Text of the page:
The fire started on the 8th floor. For some reason the 9th floor was the last to be made aware that a fire had broken out. Most workers on the 8th and 10th floor managed to escape. The 9th floor had only 2 exit doors. One of these doors was locked. One hundred and forty-eight workers were either burnt to death in the fire or leaped from the ninth floor windows or down the elevator shaft to avoid that type fate. The majority were girls between the ages of 13 and 23. The girls worked 14 hour shifts and a 60 to 72 hour work week. On the average they earned between $6 and $7 dollars per week.
The ladders on the fire trucks only reached the 6th and 7th floors. Their hoses could only spray to the 7th floor. The factory was on the 8th, 9th and 10th floors of what was called the Asch (also Brown) building. The building was on the corner of Greene Street and Washington Place in New York City. It was owned by Max Blank and Isaac Harris. The two owners were in the building at the time of the fire. They had escaped to the roof and survived. The factory employed approximately 500 workers. The majority were Jewish or Italian women and girls.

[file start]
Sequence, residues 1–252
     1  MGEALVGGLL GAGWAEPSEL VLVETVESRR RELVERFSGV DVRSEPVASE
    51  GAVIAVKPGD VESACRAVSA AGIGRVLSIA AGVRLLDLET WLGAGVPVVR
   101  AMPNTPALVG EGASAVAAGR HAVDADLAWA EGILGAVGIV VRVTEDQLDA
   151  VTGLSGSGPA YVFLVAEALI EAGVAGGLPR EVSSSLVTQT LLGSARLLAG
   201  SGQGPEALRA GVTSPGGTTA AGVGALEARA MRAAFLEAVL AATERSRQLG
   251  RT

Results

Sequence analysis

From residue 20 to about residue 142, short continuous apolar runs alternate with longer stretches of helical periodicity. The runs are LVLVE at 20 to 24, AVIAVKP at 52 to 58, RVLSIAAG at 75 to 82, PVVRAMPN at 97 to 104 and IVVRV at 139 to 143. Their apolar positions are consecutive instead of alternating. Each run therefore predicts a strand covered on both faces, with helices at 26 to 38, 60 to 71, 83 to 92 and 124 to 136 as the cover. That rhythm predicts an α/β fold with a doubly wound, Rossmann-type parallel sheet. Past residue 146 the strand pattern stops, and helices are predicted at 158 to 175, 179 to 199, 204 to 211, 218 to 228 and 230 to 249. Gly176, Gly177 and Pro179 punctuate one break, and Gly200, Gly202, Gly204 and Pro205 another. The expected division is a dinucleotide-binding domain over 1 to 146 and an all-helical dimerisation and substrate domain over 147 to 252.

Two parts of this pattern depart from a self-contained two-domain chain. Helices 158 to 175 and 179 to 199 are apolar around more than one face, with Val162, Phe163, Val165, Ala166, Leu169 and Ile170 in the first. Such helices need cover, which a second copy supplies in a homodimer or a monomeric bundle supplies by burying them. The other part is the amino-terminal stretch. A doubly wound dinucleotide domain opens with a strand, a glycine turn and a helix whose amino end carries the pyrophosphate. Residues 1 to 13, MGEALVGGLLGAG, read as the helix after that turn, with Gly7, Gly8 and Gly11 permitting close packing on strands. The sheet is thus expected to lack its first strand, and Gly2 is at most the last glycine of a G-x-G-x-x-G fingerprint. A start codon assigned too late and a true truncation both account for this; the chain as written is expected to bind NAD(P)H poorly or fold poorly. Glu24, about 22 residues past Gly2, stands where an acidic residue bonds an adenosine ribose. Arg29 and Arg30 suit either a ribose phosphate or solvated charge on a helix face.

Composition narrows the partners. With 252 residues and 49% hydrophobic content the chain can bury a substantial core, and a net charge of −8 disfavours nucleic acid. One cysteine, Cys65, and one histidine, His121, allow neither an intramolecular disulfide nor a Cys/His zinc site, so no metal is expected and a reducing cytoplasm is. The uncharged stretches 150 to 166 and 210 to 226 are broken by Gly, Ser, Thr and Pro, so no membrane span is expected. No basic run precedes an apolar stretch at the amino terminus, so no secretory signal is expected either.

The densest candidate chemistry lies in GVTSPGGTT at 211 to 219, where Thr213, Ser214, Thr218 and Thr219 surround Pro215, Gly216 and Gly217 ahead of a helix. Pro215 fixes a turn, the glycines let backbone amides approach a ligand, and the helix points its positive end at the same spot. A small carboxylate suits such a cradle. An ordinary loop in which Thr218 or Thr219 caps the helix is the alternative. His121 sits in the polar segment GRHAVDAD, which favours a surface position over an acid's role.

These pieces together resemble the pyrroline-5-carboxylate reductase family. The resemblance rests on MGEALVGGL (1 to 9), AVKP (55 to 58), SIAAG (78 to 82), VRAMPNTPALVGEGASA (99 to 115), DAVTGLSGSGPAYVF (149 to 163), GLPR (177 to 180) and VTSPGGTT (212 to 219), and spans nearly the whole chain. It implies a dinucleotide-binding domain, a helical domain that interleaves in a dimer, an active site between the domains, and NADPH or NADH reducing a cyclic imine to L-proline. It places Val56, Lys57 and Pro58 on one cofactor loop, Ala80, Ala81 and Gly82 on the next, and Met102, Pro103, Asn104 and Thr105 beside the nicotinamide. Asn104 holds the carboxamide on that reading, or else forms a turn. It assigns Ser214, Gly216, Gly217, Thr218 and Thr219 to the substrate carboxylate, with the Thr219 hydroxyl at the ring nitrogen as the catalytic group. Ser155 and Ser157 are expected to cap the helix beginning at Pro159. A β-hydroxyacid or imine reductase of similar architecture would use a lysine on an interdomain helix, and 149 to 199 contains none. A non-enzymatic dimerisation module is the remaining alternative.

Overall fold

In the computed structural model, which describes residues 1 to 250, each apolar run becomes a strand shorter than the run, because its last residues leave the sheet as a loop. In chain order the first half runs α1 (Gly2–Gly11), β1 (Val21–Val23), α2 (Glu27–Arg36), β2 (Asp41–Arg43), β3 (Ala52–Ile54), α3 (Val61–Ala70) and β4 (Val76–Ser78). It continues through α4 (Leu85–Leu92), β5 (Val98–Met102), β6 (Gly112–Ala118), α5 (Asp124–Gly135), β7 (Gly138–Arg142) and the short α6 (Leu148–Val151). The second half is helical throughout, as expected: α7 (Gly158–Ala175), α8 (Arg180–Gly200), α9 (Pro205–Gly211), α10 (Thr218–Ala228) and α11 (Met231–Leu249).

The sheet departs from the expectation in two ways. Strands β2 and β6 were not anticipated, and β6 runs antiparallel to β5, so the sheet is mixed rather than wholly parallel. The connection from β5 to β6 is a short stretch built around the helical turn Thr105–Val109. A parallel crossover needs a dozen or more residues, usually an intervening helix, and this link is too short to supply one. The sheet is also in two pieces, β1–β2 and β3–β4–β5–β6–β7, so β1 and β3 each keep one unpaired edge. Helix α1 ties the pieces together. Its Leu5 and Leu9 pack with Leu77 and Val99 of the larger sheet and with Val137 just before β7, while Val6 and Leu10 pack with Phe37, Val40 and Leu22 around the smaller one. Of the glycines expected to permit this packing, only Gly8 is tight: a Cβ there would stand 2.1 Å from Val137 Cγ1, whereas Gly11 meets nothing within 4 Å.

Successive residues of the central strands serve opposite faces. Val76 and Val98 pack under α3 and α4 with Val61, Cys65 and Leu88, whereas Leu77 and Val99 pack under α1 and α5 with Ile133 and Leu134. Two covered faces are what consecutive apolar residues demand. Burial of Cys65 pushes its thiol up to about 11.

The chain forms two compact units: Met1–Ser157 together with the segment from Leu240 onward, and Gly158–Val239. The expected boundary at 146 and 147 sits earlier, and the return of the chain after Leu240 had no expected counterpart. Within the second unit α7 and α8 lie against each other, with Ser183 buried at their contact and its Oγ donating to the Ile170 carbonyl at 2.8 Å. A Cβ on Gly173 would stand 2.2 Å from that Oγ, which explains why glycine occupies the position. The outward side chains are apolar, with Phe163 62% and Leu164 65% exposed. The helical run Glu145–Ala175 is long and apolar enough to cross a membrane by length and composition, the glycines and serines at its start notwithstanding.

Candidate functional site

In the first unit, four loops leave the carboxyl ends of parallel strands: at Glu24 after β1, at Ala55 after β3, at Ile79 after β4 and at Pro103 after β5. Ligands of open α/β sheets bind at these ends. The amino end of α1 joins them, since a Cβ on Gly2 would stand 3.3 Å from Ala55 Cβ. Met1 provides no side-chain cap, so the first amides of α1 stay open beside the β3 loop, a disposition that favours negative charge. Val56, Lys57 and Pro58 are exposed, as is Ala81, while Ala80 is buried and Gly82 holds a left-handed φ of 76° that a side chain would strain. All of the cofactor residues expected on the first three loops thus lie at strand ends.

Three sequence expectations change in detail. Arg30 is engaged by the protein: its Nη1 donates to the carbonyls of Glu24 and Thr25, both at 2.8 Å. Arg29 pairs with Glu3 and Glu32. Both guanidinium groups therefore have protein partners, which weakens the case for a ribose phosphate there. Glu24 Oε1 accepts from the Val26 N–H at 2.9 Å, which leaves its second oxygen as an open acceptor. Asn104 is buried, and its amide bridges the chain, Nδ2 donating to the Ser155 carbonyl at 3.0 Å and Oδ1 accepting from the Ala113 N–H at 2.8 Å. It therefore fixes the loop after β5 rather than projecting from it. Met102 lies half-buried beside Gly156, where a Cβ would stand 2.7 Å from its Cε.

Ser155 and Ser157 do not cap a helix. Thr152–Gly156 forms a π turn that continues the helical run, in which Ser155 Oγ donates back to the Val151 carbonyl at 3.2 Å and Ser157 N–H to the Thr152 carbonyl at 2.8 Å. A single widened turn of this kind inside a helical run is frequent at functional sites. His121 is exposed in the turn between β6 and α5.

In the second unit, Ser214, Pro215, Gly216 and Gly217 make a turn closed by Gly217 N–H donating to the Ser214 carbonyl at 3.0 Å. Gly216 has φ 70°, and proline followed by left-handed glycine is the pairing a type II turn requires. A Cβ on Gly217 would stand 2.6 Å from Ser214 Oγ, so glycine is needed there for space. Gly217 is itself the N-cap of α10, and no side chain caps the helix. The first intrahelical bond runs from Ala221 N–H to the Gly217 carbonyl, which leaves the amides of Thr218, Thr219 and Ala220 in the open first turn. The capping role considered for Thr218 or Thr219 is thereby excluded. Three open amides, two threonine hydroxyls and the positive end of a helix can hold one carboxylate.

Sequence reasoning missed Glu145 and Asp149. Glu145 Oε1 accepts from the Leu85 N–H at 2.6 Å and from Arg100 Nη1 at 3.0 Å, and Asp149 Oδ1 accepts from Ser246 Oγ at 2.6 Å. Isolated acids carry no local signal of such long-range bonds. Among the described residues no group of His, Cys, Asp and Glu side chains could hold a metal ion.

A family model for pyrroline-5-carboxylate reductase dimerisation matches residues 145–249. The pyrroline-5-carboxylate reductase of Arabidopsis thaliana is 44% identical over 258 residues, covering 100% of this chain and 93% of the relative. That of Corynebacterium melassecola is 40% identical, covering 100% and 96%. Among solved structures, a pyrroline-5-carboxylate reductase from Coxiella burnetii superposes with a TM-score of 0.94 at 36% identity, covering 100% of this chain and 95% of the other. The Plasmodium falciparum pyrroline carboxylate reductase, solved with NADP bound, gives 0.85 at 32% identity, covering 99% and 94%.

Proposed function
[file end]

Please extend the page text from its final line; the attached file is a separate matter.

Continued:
The sidewalks around the base of the building were littered with the dead bodies of the young girls who had leaped to their death. The 62 bodies landed with an unforgettable thud. Firemen from Companies 72 and 33 were the first to arrive on the scene. Some firemen tried to catch the girls with blankets and nets, but the falling girls ripped through to their deaths. Some of them leaped from the 9th floor to try and grab onto the ladders topping at the 7th floor. None were successful and they all fell to their deaths.
As in all tragedies there were numerous acts of bravery. Joe Zitto and Joe Gaspar, the two elevator operators, were able to get their elevators back to the 8th floor 15 and 20 times and rescue many of the panicking young women. Three other male workers formed a living bridge between two windows. Many women were able to crawl along their backs to safety until the three men lost their grip and fell to their deaths.